Cricket introduces red cards to stamp out violence
The sport of gentlemen has been ruled by the 'woolly guidelines of the spirit of cricket' until now
Cricket's reputation as a sport for gentlemen could be under threat after it emerged that the game's lawmakers were considering the introduction of red cards to counter the growing problem of violence during games.
"The MCC's world cricket committee has recommended umpires should have the power to send off players in cases of threats to an umpire and physically assaulting another player, umpire, official or spectator. The punishment is set to come into effect from October when the MCC redrafts the laws of cricket," reports the Daily Telegraph.
Until now cricket has remained one of the few games without an "in-play deterrent", says Michael Atherton of The Times, with umpires "by and large powerless to act if cricketers behave poorly". For the past 200 years, players have only been kept in check by the "woolly guidelines of the spirit of cricket, and their own consciences", he adds.
But that is set to change in the wake of increased concerns about behaviour.
"Anecdotally, it seems in recent years that violence on the field has been on the increase. In the summer of last year, the MCC was alarmed by physical violence in half a dozen club matches, which caused them to be abandoned prematurely and players to be banned for various lengths of time afterwards."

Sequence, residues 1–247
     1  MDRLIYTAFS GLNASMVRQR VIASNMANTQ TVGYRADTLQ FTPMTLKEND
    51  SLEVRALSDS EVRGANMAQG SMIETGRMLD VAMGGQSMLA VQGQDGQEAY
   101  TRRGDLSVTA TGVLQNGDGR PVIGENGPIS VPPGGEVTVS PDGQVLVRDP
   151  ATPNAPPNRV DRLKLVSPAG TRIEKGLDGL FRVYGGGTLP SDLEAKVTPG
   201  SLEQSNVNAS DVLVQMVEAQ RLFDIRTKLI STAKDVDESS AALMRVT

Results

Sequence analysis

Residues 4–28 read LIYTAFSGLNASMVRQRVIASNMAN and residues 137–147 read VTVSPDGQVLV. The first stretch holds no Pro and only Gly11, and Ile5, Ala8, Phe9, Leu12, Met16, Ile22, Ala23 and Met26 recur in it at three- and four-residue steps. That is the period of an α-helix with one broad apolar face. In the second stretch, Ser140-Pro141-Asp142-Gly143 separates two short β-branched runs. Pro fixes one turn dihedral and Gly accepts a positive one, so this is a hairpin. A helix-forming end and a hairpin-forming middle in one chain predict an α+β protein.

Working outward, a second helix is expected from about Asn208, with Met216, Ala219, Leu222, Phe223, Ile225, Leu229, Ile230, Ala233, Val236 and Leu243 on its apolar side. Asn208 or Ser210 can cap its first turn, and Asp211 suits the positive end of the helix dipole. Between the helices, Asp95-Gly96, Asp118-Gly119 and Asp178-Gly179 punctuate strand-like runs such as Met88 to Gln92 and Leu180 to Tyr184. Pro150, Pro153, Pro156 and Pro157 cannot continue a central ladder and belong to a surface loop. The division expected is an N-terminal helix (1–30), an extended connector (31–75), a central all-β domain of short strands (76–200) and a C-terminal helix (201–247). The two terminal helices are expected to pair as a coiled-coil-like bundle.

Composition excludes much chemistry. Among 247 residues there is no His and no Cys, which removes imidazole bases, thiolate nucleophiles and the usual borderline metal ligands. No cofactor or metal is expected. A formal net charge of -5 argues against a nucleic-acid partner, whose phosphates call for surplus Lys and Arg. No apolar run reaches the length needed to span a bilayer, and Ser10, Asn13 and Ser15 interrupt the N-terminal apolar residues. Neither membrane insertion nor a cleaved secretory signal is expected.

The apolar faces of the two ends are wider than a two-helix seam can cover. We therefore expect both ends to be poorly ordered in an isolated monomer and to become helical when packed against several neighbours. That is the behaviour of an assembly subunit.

The likelihood of red cards being brandished in international cricket is small, says Paul Newman of the Daily Mail. "It would take something extraordinary from the likes of Ben Stokes and David Warner during next year's Ashes for a red card to be brandished," he says.
But there have been incidents in the past where a player could have been sent off. "Only if players resort to physical violence with umpires or an opponent will the move ever be seen in international cricket, with the infamous incident involving Dennis Lillee, Javed Miandad and his aluminium bat a prime example."
The MCC "resisted the temptation to go the whole hog and introduce yellow cards and a sin-bin for verbal abuse and dissent, believing there needs to be more discussion on how best to implement 'cautions'", says Newman of the Mail.
Mike Brearley, chairman of the MCC's world cricket committee, admitted that the change was "pretty drastic" but added: "Umpires have to be respected and given the best possible chance.
"I think you call it [cricket] a game that you play hard and play fair. The spirit of cricket is represented by that phrase in my mind. That does not include hitting someone over the back of the head with a bat or punching them. This is for use in extreme cases."
The committee also discussed limits on the size of bats and agreed to push for Twenty20 cricket to be included in the Olympics.